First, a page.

How long was it between “I’ve got an idea” to “We’d like to publish your book”? And what happened in between those moments?
I worked for four years on Catherine Called Birdy before sending it anywhere. And then things happened fast. I sent it to my husband’s agent. He lived in the same apartment building in New York as Dorothy Briley of Clarion Books and handed her the manuscript in the elevator. She called him two days later and said they’d take it.
What, if anything, in the writer’s life has caught you by surprise?
I hate to sit down and write and how I can’t think of anything I’d rather do–it’s a real love/hate relationship.
A series of questions about work habits:
- Computer or long-hand? Mostly computer but if I’m stuck, I’ll pull out pen and paper. That intimate connection between my hand and the words often helps me get past difficulties or deeper into a scene.
- Coffee or tea? Tea with a lot of milk.
- Quiet office or music going? Music.
- Desk: messy or tidy? Messy.
- Essential writing snack food: Nuts, so I try not to have them around.
About your new book, Alchemy and Meggy Swann: On your website, (which is terrific, by the way!) you tell a delightful story about long walks with your Polish grandfather and picking up treasures along the way. You compared that collecting to what you do now as a writer. What collected “treasures” led you to write this book?
Let’s see: Shakespeare in Love; years of going to Renaissance fairs; ballad singers and broadsides; alchemy, which set me thinking about change and transformation; and my father’s death and wondering about fathers and what parenting is.
What do you do to get to know your main character?
I write about her. I don’t do character sketches or “what do they fear most in the world” kinds of exercises, but just put a character in a story and try to follow a trajectory. I imagine her in various situations, picture her actions and reactions.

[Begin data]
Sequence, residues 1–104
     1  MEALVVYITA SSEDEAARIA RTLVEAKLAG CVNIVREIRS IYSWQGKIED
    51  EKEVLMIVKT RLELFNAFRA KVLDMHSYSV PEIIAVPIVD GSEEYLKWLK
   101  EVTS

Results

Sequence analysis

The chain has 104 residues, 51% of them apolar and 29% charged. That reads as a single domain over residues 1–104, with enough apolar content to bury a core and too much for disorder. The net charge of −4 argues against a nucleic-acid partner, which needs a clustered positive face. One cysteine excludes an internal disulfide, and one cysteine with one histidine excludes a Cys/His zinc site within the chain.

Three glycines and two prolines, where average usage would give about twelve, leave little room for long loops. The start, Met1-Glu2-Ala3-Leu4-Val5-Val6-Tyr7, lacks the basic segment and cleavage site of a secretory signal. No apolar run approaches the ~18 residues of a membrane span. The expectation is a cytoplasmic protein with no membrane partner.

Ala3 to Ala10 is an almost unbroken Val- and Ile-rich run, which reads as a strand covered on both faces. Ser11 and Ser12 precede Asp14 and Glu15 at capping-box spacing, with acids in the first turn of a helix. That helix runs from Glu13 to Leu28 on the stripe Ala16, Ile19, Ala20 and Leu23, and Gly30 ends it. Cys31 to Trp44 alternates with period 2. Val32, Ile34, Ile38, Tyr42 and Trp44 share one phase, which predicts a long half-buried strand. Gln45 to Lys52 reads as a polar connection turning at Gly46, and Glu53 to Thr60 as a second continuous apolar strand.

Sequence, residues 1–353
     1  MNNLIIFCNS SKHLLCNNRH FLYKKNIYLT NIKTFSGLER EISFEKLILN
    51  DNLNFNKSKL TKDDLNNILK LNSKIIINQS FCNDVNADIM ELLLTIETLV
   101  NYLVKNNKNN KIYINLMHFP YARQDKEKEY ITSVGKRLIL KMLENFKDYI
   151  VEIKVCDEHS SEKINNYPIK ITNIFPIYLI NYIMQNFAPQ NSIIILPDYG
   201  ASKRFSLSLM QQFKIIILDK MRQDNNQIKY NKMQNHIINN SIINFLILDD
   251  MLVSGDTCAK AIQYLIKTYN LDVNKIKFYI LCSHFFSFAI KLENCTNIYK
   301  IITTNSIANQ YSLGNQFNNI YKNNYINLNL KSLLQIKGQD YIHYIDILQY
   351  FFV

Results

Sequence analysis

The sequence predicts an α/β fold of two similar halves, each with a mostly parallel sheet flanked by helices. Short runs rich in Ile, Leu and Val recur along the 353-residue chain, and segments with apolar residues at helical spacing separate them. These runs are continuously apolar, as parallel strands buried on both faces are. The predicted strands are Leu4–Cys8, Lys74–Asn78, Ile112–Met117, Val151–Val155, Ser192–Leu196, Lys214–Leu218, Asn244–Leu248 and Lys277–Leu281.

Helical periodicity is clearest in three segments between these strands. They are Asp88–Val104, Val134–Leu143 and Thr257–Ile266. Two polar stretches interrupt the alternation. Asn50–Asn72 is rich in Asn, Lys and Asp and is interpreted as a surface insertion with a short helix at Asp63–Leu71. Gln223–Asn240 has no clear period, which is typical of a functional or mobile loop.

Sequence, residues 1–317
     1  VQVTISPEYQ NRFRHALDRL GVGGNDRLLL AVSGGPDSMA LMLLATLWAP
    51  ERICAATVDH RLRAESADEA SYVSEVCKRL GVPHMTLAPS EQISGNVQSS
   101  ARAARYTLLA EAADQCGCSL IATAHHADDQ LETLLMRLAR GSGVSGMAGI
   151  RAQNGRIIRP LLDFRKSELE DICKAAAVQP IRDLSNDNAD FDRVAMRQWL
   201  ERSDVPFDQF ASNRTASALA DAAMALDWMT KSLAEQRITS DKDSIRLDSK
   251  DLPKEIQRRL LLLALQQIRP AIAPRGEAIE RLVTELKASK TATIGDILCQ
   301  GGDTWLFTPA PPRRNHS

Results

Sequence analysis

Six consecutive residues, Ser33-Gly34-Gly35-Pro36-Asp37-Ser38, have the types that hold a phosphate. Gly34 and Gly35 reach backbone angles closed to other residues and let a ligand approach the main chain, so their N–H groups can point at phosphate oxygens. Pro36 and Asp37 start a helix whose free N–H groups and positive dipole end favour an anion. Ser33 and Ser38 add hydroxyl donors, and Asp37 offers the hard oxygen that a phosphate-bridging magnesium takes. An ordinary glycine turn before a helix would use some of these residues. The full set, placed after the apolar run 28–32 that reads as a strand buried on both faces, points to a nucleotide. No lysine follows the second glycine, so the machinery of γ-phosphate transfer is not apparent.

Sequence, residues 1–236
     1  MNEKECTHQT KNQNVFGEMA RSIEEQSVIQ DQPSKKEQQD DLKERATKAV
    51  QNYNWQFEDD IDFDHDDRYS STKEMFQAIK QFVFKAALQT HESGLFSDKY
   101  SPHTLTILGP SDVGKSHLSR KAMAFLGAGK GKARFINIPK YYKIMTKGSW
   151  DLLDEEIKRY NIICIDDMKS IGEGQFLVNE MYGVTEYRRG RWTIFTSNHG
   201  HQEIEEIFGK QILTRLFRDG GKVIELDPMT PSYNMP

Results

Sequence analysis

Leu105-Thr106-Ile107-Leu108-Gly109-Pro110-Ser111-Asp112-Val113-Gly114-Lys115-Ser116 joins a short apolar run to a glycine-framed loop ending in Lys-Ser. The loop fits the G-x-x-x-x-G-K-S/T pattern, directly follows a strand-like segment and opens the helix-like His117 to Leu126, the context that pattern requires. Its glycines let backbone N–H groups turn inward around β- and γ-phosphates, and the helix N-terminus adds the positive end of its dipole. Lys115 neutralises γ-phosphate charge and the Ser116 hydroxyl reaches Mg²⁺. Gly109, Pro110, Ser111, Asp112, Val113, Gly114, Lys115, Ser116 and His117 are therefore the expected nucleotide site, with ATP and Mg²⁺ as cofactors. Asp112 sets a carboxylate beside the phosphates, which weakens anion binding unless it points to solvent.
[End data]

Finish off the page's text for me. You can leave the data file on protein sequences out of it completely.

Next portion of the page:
Your character’s names are always spot-on perfect. Where did Meggy’s come from?
She started out Bessie Blunt, but there was an actual person by a similar name at Henry VIII’s court. So I changed it to Meggy Blunt. And then as I wrote about her, the idea of an ugly duckling to growing to be a swan led me to Swann.
What was your biggest challenge in telling Meggy’s story? The biggest reward?
My biggest challenge was trying to understand enough about alchemy to use it in the story. Alchemy is arcane, esoteric, mysterious, deliberately cryptic, and complicated. The biggest reward was finally finding a way for Meggy to succeed and be satisfied without the transformation she wanted.
A perfectly selfish question: how do you organize all of your research materials?
With my early books I kept well-organized notebooks divided by subject: setting, characters, language, clothing, and such. Then I moved to stacks of yellow sheets with notes scribbled on. Now so much of it is in my head that I just write with books stacked around me for quick reference and things like synonyms and etymology bookmarked on my computer.
Karen, thanks for spending this time with us, over a cup of tea with lots of milk. To wrap up: Is there anything you wish I’d asked you? If so, what is it?
I wish you’d asked how I was researching my new book, and I’d tell you I was hanging out with pigs at an animal sanctuary.
Prior interviewees have shared secret talents with us (for example, Susan Patron shared her recipe for making a flaming dessert). What secret talent do you have that we might not know about?
Crossword puzzles. In ink. And I remember the lyrics to almost every song from the 1950s.
Karen, thanks so much for spending this time with us. And next time I’m stuck for the words to Johnny B. Goode, I know who to call!